Published August 01, 2013
The Gulf of Mexico, more so than East coast waters, is the area for the next potential tropical trouble maker during the middle of August.
No tropical systems are expected to impact the Gulf of Mexico through this weekend, but things could get a little interesting next week.
A vast swath of dry air and disruptive winds will continue to work against tropical storm and hurricane formation over much of the Atlantic Basin into mid-August.
This image of the eastern Atlantic Ocean showing dry air and dust from the Sahara Desert is from NASA GOES Project Science. The image was taken at 6:45 a.m. EDT, Thursday, Aug. 1, 2013.
However, a zone of light winds over the next Gulf of Mexico next week could allow a disturbance to become more organized.
AccuWeather.com meteorologists will be watching complexes of thunderstorms that originate over the Great Plains this weekend.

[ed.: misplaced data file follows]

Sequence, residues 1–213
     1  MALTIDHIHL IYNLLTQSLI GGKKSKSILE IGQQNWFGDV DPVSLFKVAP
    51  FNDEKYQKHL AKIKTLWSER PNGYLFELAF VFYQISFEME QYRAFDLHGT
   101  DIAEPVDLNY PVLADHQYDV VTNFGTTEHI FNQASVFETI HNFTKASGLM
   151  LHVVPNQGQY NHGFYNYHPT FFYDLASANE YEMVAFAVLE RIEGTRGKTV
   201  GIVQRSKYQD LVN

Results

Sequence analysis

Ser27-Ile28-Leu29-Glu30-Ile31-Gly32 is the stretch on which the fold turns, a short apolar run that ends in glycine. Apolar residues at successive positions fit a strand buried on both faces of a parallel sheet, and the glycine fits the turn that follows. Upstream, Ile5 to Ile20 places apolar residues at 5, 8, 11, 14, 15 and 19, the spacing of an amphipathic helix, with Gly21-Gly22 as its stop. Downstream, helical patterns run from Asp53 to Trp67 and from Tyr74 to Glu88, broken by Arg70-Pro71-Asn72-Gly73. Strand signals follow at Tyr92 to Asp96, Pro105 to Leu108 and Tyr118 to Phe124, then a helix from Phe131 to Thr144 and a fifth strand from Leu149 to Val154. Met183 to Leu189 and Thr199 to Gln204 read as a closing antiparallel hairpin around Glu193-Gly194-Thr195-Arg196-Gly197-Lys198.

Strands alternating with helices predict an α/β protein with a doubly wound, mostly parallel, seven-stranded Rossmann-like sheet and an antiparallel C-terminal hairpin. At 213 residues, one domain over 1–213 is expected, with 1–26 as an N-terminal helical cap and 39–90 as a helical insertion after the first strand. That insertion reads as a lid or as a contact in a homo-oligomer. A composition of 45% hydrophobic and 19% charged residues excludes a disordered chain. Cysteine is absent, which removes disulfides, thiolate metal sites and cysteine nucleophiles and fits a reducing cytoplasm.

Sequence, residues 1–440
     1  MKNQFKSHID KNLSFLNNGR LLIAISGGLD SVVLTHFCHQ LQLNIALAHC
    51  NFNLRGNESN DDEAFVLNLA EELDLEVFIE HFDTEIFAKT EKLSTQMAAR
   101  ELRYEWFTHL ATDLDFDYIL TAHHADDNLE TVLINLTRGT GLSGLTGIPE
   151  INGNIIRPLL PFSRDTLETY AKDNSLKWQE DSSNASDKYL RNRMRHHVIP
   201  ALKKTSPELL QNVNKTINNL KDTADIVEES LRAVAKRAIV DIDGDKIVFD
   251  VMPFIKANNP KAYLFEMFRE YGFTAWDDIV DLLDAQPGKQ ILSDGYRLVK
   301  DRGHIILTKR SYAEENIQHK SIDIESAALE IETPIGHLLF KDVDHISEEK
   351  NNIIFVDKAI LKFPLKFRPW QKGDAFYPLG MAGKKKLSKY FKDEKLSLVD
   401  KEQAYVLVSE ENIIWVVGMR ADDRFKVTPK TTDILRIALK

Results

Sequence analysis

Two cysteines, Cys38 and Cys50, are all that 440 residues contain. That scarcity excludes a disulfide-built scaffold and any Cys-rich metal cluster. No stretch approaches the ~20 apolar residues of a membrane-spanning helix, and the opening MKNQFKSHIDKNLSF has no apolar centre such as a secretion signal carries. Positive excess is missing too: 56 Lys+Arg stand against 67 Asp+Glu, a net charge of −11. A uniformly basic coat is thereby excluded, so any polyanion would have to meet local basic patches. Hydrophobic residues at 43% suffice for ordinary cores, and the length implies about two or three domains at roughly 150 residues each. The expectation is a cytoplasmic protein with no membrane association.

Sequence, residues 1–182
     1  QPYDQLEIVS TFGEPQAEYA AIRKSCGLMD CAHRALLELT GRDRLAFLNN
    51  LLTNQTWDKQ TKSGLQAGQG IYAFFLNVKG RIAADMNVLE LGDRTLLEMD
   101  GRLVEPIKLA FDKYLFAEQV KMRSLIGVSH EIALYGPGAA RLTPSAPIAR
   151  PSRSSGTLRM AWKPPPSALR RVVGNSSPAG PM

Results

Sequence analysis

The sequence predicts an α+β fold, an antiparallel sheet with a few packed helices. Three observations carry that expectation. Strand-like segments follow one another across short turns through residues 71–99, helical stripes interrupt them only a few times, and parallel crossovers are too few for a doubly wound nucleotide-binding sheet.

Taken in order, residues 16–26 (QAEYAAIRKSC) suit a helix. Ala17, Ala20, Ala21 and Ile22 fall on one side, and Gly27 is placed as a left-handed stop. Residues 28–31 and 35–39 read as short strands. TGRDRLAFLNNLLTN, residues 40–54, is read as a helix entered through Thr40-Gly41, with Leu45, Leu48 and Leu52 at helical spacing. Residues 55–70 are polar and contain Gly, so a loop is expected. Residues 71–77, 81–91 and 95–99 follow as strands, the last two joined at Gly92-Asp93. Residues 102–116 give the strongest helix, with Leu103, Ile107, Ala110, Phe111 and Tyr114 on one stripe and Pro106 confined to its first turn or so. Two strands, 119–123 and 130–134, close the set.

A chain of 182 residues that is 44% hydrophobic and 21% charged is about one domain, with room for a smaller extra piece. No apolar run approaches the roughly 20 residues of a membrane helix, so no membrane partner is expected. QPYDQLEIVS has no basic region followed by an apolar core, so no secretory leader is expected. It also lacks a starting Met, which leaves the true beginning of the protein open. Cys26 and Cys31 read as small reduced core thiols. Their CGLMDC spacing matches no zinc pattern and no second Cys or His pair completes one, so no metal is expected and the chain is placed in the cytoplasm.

Steering winds could allow one of these to turn southward toward Florida, then westward over the Gulf of Mexico early next week.
As a result, people in coastal areas from South Texas to Mexico, as well as cruise, fishing and drilling operations will want to keep an eye on the situation.
Another possibility would be for a disturbance that survives the westward trip across the Atlantic to eventually reach these more favorable conditions over the Gulf of Mexico.
Tropical systems are unlikely to turn northward toward the mid-Atlantic and New England through the middle of the month.
Conditions may change later in the month allowing more of an open door for the East Coast in terms of impact from the tropics.
While the threat for organized tropical systems may be minimal along the East coast during August, there can still be isolated areas of heavy rainfall and flooding.
August is the month where, typically the number of tropical systems ramps up. Most systems tend to form over the Atlantic, rather than the Gulf of Mexico.